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7 Ways to Use Your Coffee Grounds

This Earth Month, we’re all looking for ways to waste less at home. An easy place to start is with your morning cup of coffee. Did you know that, according to the NRDC, coffee grounds are one of the most commonly thrown-out food items in American households? It’s not that surprising given how much coffee we drink as a country: 63% of Americans drink an average of 2 cups of coffee per day, which amounts to a whopping 414 million cups every day!

Assuming the average coffee drinker uses two tablespoons of ground coffee per cup, we are tossing out 25 million pounds of coffee grounds every day. That’s one ton of coffee grounds going to waste daily!

While drinking coffee isn’t an issue, used coffee grounds, just like any other food or organics waste, break down in the landfill and produce methane, a harmful greenhouse gas. The good news is that coffee grounds have a lot more value to give us even after the last drops of coffee are gone.

Want to decrease your coffee waste and benefit the environment? Here are some of our favorite ways to use your grounds:

  1. Add a spoonful of spent coffee grounds every 4-6 weeks to fertilize your indoor house plants. NOTE: Coffee grounds are acidic, rich in nitrogen and in some cases may still contain a fair amount of caffeine, all of which can irritate/harm certain plants. Add them in moderation and, when in doubt, double check online if the plants in question benefit from acidic soil.

  2. Make your own body scrub with coconut oil and coffee grounds.

  3. Store dried coffee grounds in an open jar anywhere you want to absorb odors. Our friend Joel Gamoran recommends trying this trick for getting rid of fridge odors!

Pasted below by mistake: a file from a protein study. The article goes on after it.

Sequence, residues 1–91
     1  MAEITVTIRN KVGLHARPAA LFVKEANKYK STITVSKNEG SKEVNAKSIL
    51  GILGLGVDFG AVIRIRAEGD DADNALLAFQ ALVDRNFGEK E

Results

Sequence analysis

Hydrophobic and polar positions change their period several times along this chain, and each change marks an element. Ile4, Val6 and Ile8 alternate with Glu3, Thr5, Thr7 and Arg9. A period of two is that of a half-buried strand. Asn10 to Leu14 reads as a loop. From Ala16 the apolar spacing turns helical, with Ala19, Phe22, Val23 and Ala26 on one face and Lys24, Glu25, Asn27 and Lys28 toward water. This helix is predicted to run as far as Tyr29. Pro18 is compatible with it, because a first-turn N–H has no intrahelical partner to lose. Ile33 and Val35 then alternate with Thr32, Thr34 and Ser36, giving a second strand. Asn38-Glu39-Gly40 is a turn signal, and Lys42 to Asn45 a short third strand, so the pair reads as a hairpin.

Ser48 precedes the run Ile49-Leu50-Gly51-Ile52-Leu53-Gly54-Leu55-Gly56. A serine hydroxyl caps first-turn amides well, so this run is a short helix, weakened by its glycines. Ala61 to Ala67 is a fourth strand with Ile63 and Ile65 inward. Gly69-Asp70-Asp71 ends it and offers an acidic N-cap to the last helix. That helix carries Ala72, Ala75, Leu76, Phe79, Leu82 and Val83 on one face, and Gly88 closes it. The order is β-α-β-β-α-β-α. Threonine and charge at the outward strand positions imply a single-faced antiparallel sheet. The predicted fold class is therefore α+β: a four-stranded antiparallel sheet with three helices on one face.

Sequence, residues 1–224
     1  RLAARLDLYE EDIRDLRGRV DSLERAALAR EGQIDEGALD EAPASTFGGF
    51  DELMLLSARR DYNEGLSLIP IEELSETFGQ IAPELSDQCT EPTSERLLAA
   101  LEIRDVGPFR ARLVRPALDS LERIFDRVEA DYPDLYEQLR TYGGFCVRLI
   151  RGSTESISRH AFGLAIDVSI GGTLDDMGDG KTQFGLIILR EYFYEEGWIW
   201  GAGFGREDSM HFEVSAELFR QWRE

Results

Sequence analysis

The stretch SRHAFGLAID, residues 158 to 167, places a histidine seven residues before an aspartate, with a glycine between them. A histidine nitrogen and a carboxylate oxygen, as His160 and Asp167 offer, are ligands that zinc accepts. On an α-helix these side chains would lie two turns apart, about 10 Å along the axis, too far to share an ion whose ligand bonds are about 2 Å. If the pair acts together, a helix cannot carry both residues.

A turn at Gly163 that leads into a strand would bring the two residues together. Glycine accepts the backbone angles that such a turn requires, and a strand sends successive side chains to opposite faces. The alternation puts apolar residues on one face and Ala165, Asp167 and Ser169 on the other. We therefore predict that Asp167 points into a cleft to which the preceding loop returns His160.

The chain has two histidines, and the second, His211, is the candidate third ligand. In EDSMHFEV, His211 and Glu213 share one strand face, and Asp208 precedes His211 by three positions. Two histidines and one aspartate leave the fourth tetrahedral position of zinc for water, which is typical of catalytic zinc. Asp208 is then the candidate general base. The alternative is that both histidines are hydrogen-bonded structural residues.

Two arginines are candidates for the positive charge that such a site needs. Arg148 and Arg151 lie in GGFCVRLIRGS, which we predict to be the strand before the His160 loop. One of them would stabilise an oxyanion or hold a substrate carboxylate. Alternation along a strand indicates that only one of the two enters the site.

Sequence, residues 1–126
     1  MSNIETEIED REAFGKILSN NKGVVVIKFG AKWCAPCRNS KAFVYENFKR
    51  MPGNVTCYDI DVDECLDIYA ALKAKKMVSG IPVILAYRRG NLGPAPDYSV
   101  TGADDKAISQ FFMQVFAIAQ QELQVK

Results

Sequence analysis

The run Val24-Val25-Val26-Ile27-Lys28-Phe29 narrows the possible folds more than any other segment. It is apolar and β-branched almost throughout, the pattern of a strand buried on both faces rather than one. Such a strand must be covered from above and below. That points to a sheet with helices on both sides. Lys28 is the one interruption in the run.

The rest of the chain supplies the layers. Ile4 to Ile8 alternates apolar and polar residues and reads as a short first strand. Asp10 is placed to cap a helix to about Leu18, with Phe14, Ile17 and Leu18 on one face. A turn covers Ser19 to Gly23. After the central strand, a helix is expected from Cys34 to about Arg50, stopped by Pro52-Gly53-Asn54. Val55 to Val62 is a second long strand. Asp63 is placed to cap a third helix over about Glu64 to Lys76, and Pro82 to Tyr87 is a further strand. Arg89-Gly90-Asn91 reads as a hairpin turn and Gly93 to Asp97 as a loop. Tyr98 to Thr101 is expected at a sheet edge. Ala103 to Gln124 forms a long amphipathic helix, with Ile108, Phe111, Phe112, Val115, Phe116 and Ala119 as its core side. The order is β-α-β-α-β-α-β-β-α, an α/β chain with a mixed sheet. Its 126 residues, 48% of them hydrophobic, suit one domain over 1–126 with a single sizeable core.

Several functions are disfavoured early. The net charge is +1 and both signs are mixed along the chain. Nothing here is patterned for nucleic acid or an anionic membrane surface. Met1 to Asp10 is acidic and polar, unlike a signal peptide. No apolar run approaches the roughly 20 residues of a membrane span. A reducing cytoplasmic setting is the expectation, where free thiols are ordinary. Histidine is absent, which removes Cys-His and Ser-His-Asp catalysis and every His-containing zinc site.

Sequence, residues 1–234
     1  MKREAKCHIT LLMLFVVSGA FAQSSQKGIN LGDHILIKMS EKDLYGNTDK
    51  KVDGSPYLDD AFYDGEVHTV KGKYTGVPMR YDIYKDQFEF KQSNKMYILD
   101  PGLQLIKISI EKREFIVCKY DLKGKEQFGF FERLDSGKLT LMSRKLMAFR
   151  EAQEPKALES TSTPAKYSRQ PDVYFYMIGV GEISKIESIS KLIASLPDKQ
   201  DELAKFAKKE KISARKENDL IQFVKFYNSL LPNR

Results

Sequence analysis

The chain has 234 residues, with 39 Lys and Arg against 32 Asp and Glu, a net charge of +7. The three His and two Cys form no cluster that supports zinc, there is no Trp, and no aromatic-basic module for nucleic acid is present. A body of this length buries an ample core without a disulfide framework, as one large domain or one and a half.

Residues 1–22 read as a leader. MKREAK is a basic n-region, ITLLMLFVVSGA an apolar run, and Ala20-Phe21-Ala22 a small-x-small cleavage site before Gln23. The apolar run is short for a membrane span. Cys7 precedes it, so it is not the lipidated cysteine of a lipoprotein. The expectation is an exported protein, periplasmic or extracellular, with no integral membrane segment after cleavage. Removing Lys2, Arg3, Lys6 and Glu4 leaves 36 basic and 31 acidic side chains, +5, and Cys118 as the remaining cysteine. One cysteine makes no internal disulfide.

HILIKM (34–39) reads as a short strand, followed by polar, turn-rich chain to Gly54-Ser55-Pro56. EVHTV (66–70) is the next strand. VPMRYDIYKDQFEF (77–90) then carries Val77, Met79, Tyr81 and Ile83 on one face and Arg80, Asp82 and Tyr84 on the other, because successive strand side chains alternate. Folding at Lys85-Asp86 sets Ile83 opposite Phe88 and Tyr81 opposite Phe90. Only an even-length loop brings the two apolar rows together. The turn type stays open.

4. Use your coffee grounds as a natural fertilizer in your garden to improve drainage, water retention, and aeration in the soil.

  5. Burn your dried coffee grounds outdoors for mosquito repellent.

  6. Put spent coffee grounds to work as an abrasive agent to help scour burnt food off of your pots and pans.

  7. If you are able to compost through your city compost collection, at your community garden drop-off, or at home, be sure to add your coffee grounds to the mix. Coffee grounds are rich in nitrogen and can help create fertile soil when they break down. Worms especially love spent coffee grounds.

For even more ideas, check out this fun list of  25 Weird Ways to Use Coffee and Coffee Grounds.

Since over 40% of food waste happens in our homes, we all have the power to make a difference by changing how we shop, store, cook, and dispose of food. Climate action starts at home, and we can all work to take a bite out of food waste. We hope this helps you rethink how you use coffee grounds in your life this Earth Month!

2 Comments

  • Avatar
    Julia Goldstein
    April 22, 2020 at 9:51 pm

    I always compost coffee grounds but don’t usually think of other uses. Thanks for the suggestions.

    Reply
    • Avatar
      Imperfect
      April 23, 2020 at 5:28 pm

      Hey Julia! That’s great to hear. They make for a potent addition to compost for sure. Let us know how some of these other ideas work out for you. We hope you’re doing well. Thanks for reading our blog!

      Reply

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